Saco said she wouldn’t vote to reinstate the open container ordinance without the second part of asking staff to bring back a process for “businesses that want to keep it and want to take responsibility and liability for what is happening… I think you need both because GPD shouldn’t be punished, and neither should these businesses… As for changing law, ideally you get it right the first time. We don’t always. The rental permit process, we did not get right the first time, and we came back with a small overhaul on how to make it work because practically, on the ground, after a year of trying, it did not work right, and this is no different.”

“I want us to settle at a happy medium where we address the issues and not signal confusion to the whole city about where the status of the open container law will be for the next year… I don’t really see the logic here.” – Commissioner David Arreola

Arreola said he disagreed with the strategy of the motion: “Let’s be clear about the real reason why the ordinance was repealed in the first place. It’s because we were in quarantine, we were limiting business actions indoors, that’s why we lifted the ordinance. So now we are talking about flipping and reinstating this… basically kicking it to the next commission and mayor, until January of ’23, and we don’t know where that leads us… Now we’re going to be issuing confusion to our citizens about the rule of law, especially if we go the path of special districts and only certain areas… I want us to settle at a happy medium where we address the issues and not signal confusion to the whole city about where the status of the open container law will be for the next year… I don’t really see the logic here.” He asked whether they city commission could regulate possession of alcohol in parking lots, and the City Attorney said, “I think we could do that.”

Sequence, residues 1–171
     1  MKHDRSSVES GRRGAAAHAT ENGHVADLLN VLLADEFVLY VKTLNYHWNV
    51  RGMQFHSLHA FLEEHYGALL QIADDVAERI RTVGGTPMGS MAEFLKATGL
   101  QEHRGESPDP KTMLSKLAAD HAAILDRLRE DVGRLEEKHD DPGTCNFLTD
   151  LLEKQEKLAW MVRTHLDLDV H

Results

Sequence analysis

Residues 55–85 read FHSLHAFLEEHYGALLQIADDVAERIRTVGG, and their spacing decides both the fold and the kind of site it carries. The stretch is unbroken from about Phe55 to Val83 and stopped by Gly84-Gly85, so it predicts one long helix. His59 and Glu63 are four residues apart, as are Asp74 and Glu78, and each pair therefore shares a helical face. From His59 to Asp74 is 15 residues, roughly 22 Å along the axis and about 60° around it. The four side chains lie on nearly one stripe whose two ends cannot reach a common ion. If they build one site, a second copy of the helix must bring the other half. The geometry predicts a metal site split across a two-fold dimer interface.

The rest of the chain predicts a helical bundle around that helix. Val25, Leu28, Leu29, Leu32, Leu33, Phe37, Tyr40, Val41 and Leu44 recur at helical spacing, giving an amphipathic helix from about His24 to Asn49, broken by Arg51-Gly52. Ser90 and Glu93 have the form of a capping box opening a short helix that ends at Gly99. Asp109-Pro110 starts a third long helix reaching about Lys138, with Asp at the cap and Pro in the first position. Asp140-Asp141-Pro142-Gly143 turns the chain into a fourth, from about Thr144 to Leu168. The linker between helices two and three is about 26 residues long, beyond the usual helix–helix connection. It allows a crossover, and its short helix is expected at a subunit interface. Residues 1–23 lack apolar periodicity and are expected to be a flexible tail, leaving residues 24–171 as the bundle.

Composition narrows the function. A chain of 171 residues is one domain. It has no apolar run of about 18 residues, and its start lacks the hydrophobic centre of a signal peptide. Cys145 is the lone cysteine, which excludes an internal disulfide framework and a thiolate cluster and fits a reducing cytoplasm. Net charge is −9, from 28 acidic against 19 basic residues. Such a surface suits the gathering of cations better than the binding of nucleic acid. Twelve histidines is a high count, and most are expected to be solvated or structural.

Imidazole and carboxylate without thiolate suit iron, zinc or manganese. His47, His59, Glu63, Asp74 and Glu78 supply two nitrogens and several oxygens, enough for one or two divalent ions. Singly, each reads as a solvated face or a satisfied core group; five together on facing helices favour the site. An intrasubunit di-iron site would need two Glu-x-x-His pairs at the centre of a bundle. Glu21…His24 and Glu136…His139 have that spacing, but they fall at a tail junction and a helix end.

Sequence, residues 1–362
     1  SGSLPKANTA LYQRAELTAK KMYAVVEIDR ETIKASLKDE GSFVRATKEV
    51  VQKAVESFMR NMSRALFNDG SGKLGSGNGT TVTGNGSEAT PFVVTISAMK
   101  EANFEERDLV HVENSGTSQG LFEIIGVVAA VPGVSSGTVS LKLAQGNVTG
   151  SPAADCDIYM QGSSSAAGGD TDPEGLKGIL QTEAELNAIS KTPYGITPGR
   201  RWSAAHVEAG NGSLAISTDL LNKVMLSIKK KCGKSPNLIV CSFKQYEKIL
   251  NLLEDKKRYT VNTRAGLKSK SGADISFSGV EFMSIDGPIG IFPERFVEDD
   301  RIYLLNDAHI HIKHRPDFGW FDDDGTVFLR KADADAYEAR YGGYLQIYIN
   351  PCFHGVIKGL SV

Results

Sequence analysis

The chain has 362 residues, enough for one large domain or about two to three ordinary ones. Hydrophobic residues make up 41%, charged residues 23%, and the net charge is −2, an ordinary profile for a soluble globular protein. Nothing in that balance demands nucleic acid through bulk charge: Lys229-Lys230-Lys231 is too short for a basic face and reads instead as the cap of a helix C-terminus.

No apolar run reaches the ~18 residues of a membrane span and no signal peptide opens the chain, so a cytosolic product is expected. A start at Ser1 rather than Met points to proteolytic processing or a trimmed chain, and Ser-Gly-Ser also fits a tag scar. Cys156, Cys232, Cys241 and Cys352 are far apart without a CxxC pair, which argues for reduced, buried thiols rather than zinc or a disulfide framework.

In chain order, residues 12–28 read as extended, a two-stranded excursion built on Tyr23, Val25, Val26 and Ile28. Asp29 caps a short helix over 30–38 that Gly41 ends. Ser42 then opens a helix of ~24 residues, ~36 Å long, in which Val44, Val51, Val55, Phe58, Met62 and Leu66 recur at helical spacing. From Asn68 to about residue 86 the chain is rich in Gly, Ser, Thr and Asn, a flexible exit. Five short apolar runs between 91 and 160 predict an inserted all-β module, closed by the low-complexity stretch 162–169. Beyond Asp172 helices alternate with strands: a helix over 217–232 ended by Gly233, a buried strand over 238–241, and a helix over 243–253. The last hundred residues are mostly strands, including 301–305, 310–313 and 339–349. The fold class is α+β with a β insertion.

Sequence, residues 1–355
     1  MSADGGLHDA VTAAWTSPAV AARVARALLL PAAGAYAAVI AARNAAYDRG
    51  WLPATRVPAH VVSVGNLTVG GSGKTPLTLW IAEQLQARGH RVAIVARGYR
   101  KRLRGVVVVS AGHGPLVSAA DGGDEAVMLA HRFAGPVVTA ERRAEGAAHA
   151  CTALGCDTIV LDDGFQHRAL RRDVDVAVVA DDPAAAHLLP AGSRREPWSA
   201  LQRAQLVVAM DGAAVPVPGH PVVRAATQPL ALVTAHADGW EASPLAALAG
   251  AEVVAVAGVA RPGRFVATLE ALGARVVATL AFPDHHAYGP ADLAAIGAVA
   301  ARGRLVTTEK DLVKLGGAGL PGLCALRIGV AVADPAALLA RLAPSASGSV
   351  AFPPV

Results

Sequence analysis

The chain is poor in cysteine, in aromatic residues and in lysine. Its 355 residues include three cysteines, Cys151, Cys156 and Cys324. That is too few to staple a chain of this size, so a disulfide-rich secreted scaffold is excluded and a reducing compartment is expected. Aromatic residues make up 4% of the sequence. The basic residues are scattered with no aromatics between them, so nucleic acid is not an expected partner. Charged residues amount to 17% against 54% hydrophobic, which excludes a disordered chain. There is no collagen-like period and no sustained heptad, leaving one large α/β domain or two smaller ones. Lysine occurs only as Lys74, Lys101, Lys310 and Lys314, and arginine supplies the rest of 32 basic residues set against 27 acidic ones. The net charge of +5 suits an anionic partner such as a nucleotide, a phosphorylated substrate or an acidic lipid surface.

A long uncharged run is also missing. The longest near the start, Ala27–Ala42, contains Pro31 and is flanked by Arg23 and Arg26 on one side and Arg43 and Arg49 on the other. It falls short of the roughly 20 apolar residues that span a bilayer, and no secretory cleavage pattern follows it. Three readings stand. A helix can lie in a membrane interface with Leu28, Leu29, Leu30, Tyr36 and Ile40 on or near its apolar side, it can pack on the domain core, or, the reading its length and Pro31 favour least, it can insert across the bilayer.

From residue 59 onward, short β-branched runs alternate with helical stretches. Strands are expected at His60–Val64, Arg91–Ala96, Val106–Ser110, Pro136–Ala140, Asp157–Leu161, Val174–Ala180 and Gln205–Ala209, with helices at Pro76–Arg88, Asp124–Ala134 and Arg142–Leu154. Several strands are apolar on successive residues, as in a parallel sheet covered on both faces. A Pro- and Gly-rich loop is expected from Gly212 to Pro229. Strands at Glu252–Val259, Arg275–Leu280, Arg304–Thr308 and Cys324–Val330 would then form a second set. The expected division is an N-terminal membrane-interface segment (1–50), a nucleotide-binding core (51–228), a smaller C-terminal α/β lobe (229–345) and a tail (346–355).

“At the end of the day, we made a decision that has had a huge impact, that I don’t think anybody up here really understood, and I believe we do need to take a step back.” – Commissioner Desmon Duncan-Walker

Commissioner Desmon Duncan-Walker said, “At the end of the day, we made a decision that has had a huge impact, that I don’t think anybody up here really understood, and I believe we do need to take a step back.” She said she hadn’t made a decision about permits for specific businesses, “but I certainly will support reinstating the ordinance.”

Interim Police Chief Lonnie Scott, Sr., pointed out that open container violations typically result in a fine, not an arrest: “We don’t arrest people, typically, on a first charge unless they’re combative or resisting.” He also said that if the public has access to a parking lot, it’s deemed “quasi-public,” so GPD could take enforcement actions in privately-owned parking lots.